The propriety of the Stanford analysis was called into further question on Friday when BuzzFeed News reported that Bhattacharya’s wife had sent a message to a middle school’s private email list to recruit families for the study. It included the claim that the testing would help determine if they could “return to work without fear,” raising additional concerns of bias in the sample population.
The Stanford data also do not seem to match up with observations in other, more hard-hit parts of the country. In New York City, for example, an estimated 15,400 people have died from Covid-19, according to figures from the city’s health department. While death rates may vary from place to place, if the fatality rate of Covid-19 is as low as 0.12 percent, as the Stanford study authors claim, this would suggest that more than 12.5 million people in New York City have already been infected with Covid-19, even though only 8.3 million people live there.
A. Marm Kilpatrick, an infectious disease ecologist at UC-Santa Cruz and a vocal critic of the study, summed up his thoughts in an email: “They completely ignore the data from N.Y.”
In the week after the study’s release, Ioannidis has made the rounds on Fox News, appearing on Tucker Carlson’s show and on “The Ingraham Angle,” hosted by Laura Ingraham. (Bhattacharya, a former research fellow at the politically conservative Hoover Institution, has also appeared on Carlson’s show talking about Covid-19 death rates). Last Sunday, Ioannidis was also on the Fox News show “Life, Liberty, and Levin,” to talk about why he thought the Covid-19 risk had been overstated. As host Mark Levin criticized the widespread lockdowns and questioned the media’s reporting on Covid-19 data, Ioannidis praised the public health response. “We had to base our decisions on whatever we had, and I think we did the right thing to act decisively and urgently,” he said. But he also challenged estimates of the disease’s danger.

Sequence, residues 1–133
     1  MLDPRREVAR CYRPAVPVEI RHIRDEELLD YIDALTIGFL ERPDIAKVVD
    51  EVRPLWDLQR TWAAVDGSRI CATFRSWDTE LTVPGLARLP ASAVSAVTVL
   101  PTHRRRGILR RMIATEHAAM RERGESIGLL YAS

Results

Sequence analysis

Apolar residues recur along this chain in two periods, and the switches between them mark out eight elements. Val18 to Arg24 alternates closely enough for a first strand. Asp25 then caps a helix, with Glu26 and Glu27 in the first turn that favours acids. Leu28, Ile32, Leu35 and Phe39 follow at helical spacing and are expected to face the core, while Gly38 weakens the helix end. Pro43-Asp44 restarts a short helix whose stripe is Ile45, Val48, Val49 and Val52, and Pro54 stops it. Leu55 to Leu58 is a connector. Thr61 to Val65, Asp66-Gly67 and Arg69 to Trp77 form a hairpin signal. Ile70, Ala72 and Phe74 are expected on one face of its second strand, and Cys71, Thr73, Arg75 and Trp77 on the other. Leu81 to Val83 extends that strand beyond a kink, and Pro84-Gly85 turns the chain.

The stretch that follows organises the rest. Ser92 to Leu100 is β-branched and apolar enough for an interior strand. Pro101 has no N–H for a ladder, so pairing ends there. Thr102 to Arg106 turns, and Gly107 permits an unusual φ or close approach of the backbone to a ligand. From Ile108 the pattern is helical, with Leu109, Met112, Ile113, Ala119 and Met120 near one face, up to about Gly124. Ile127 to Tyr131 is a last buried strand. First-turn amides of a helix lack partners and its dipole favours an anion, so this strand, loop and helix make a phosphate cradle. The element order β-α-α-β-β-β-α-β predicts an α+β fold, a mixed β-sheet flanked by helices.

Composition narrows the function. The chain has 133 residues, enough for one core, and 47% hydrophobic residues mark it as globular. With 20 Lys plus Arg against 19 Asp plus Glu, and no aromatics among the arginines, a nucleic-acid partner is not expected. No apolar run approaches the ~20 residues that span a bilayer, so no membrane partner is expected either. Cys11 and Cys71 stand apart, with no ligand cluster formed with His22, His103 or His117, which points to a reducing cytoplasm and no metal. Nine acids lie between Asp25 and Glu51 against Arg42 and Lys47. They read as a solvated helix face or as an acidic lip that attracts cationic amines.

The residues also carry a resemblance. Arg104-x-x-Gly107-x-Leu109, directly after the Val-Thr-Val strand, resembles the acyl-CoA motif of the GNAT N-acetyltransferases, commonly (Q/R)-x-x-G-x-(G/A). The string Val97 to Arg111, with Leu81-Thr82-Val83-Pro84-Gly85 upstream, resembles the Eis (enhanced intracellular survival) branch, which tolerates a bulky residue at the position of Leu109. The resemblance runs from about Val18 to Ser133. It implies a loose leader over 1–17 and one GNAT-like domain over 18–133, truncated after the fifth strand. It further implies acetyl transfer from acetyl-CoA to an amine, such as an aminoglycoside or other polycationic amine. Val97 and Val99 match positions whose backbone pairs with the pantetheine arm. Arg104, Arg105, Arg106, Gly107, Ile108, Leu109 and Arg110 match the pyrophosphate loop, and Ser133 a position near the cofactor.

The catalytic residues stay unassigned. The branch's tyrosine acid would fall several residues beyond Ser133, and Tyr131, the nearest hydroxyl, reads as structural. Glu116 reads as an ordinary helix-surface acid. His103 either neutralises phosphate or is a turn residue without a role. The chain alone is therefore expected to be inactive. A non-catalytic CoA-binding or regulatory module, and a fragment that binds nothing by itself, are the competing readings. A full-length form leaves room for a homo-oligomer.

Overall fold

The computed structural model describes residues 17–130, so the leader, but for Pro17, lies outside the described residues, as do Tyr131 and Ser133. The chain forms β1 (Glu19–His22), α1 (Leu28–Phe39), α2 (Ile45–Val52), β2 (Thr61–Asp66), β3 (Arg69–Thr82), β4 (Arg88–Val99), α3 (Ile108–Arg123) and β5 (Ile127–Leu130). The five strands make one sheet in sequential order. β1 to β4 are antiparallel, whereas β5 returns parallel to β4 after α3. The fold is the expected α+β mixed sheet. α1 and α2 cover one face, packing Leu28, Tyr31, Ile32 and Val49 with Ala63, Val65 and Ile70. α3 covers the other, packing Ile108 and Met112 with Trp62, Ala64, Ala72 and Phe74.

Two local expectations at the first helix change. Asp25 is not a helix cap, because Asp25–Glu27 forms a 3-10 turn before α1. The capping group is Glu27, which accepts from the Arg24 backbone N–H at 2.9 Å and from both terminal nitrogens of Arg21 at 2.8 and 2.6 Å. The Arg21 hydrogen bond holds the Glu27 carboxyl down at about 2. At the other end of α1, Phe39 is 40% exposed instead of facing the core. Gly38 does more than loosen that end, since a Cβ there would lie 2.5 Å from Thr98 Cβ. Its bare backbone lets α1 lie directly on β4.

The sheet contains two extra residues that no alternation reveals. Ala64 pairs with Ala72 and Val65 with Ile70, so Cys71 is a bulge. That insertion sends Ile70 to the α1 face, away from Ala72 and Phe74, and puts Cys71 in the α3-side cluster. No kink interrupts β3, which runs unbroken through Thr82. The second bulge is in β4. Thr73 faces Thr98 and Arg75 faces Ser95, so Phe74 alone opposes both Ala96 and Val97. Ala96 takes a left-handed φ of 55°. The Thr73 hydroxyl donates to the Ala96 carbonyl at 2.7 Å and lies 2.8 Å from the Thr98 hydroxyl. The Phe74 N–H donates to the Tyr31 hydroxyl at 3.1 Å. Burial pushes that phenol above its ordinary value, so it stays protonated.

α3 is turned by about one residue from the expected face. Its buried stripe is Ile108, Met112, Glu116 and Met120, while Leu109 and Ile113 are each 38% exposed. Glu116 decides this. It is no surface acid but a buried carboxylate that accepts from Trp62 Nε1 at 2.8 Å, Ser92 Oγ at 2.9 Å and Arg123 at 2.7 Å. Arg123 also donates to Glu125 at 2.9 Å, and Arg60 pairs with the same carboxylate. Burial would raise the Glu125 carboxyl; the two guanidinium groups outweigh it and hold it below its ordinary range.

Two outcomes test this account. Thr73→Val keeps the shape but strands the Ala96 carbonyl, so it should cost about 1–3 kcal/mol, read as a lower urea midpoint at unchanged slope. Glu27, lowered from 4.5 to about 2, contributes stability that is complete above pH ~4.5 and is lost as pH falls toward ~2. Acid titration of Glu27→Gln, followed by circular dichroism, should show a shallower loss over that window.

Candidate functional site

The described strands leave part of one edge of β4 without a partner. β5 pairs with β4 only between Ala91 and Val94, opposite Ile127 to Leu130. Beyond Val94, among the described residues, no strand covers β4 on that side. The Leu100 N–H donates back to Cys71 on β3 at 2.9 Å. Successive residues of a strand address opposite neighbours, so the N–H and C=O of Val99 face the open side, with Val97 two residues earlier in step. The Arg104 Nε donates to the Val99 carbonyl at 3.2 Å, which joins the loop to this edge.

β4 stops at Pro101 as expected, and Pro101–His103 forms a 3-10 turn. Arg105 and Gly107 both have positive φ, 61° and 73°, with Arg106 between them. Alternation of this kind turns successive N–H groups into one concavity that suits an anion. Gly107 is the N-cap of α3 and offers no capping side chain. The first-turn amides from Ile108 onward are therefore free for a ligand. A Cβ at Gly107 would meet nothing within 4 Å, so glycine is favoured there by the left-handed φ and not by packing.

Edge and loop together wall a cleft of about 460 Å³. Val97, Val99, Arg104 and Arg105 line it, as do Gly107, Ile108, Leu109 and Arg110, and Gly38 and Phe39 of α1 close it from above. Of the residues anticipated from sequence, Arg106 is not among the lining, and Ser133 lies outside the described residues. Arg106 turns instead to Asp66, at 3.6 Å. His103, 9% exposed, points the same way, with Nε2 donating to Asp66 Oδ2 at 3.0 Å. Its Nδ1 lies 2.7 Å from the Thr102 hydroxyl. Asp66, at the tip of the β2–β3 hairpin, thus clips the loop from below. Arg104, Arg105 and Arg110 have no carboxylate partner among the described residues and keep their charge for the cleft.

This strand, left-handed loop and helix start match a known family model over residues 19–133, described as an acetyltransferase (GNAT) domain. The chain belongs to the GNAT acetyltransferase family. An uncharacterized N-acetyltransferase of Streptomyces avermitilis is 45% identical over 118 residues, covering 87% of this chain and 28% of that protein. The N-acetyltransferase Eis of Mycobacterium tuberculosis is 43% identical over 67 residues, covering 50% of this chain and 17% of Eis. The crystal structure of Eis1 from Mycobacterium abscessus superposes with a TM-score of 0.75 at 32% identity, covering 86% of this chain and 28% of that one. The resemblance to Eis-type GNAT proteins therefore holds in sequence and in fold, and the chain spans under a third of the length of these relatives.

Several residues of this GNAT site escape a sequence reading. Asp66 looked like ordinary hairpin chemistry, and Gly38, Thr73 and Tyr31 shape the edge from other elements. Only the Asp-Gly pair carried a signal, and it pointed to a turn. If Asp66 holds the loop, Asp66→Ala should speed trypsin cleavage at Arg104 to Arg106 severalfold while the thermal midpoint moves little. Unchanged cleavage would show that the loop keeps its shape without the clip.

“The best data that we have now suggests that it’s not one out of 30 or one out of a hundred people who get infected who will die. It’s probably in the range of one in a thousand,” Ioannidis told Levin, citing numbers that would put Covid-19 in the same fatality range as a typical case of influenza. “We also know that there’s some types of people who are at much higher risk than others.”
“Most of the population has minimal risk,” he added, “in the range of dying while you’re driving from home to work and back.”
When Undark ran that statement by several public health experts, all of them expressed skepticism. That “claim might well be true,” Jha said, “but their data are not sufficiently definitive to make their claim.”
In a telephone interview, Cecília Tomori, director of global public health and community health at the Johns Hopkins School of Nursing, echoed that sentiment. “The question of making sure we have the best evidence to make decisions is a valid one,” she said. “But I think that there’s something else when we question some of the empirical reality of how awful this disease has been. And I think that’s really what’s going on.”